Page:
Iggy and The Stooges | Ready To Die (Fat Possum)

readytodieIggy Pop and the Stooges delivers an album that combines Raw Power’s protopunk mastery with the addition of a sophistication befitting songs crafted by much more world-weary men.

 

 

Godfathers are known in pop culture for being godly in a wrathful way and fatherly in an estranged way. They show up almost unannounced years after leaving a bright legacy that carries through decades of cultural evolution only to tell us how we have disappointed them. And the truth can hurt, but the brutal truth is what we value in our gods and fathers.

In a follow-up to 1973’s Raw Power, godfather of punk Iggy Pop, guitarist James Williamson, and drummer Scott Asheton are reunited for the first time in four decades on a full album of new material in Ready To Die. Mike Watt of The Minutemen fame fills in on bass for the late Ron Asheton as the band delivers ten tracks that recall the same dynamic of Raw Power’s protopunk mastery, but with the addition of a sophistication befitting songs crafted by much more world-weary men. The sharpness of that weariness cuts through in the first four songs, delivered like punches to the face that seem to scream the question, “What the fuck have you all been doing to society for the last forty years?”

The track listing is well peppered with more somber and introspective compositions like “Unfriendly World,” “Beat That Guy,” and “The Departed,” in which Pop’s scratched baritone lingers along the dichotomy of lyrics that impart warning, frustration, and anthematic loss in the style of a soothing lullaby.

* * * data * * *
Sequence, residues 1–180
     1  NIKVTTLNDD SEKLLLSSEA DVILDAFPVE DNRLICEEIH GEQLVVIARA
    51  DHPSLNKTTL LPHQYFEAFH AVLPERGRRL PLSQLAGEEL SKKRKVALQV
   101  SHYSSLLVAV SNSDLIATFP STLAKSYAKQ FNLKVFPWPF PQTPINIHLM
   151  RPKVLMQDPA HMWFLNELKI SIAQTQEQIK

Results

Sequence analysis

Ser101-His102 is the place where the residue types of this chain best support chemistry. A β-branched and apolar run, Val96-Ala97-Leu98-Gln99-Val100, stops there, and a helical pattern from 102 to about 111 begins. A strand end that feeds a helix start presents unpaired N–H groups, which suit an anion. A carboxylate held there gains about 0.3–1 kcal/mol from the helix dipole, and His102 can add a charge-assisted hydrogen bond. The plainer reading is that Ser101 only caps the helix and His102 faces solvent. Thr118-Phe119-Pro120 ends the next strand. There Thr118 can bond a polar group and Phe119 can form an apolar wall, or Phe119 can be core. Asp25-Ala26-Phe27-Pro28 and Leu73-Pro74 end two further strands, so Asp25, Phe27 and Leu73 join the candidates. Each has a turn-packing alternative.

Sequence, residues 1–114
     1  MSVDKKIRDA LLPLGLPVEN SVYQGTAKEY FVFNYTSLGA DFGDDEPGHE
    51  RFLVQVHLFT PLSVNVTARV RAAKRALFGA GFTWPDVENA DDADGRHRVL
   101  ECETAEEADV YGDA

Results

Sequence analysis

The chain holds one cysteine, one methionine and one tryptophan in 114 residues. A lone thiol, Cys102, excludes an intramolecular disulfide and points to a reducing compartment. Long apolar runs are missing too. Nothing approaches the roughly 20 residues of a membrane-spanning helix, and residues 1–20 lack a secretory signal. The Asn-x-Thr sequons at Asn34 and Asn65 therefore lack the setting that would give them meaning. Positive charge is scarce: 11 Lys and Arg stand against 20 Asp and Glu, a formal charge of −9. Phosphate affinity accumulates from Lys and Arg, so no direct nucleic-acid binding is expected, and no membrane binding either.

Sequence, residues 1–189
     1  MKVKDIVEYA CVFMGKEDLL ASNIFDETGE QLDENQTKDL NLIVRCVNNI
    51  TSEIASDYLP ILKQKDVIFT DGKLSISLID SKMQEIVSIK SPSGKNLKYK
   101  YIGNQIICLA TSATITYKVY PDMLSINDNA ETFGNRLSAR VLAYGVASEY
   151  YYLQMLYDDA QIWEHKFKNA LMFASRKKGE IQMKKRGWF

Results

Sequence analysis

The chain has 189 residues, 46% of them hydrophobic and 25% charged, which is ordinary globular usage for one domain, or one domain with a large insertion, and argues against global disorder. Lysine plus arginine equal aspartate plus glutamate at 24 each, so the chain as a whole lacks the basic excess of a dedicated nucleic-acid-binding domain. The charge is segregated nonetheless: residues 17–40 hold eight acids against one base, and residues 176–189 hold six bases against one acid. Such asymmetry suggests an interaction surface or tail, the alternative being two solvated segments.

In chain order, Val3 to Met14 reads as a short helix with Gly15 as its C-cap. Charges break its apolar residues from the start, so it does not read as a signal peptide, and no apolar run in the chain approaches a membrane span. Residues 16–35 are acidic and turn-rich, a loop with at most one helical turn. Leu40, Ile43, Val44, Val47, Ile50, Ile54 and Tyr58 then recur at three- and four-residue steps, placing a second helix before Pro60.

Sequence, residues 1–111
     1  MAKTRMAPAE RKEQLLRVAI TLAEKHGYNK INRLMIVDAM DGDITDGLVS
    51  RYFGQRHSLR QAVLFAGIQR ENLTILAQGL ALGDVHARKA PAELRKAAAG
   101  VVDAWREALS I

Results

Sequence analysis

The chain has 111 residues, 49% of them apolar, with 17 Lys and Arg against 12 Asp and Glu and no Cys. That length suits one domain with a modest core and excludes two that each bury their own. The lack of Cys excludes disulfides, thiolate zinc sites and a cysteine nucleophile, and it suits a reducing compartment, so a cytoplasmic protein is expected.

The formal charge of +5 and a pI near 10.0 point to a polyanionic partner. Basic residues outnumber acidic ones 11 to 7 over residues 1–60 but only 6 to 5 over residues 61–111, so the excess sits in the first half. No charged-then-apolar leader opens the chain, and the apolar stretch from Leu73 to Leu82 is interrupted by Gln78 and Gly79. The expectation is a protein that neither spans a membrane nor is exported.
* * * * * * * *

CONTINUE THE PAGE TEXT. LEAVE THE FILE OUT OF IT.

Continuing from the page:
While the unabashed release of new high-energy material is a dangerous move for a lot of bands late in their careers, it is only a natural progression for Iggy and The Stooges, who have remained well in their element. And it only makes sense, as that element has refused over time to grow stagnant. Pop said this about the ultimate decision to record a new album, “My motivation in making any record with the group at this point is no longer personal. It’s just a pig-headed fucking thing I have that a real fucking group when they’re an older group they also make fucking records. They don’t just go and twiddle around on stage to make a bunch of fucking money…the only thing I have left to say is The Stooges are a real group.” A | Jason Neubauer

RIYL: Radio Birdman, The Sonics, MC5

 

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